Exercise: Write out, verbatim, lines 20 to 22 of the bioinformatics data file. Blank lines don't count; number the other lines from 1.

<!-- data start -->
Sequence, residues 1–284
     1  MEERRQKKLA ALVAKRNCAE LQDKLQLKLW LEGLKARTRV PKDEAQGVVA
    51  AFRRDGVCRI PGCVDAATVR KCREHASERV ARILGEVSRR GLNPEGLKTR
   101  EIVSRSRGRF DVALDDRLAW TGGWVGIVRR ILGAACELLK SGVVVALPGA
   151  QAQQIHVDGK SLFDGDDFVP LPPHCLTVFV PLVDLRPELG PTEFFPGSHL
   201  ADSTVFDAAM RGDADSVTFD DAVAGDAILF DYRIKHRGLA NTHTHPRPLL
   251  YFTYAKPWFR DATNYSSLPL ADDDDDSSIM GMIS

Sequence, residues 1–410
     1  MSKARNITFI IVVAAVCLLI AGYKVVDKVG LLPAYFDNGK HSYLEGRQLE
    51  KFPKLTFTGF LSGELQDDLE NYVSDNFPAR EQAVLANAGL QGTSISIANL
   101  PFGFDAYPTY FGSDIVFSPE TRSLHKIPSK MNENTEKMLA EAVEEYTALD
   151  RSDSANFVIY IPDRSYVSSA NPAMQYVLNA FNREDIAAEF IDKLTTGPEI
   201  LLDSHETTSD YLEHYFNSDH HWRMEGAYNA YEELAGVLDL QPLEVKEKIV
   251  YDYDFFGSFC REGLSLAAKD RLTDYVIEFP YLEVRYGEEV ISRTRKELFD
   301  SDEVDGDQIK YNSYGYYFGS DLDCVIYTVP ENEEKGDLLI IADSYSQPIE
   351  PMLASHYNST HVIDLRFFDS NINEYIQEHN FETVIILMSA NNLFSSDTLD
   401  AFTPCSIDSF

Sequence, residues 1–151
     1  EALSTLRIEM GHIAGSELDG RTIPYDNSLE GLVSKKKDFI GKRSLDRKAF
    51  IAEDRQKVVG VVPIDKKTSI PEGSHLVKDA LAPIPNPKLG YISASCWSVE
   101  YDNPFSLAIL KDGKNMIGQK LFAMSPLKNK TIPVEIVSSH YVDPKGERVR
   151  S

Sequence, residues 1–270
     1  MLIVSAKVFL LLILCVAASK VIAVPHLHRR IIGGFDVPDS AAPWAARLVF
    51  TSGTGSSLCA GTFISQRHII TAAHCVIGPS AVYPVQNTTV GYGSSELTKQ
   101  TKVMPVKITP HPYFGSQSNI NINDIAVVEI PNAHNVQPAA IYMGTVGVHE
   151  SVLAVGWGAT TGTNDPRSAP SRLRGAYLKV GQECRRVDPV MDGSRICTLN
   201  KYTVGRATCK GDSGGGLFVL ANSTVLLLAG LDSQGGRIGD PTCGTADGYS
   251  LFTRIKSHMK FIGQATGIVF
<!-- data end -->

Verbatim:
    51  IAEDRQKVVG VVPIDKKTSI PEGSHLVKDA LAPIPNPKLG YISASCWSVE
   101  YDNPFSLAIL KDGKNMIGQK LFAMSPLKNK TIPVEIVSSH YVDPKGERVR
   151  S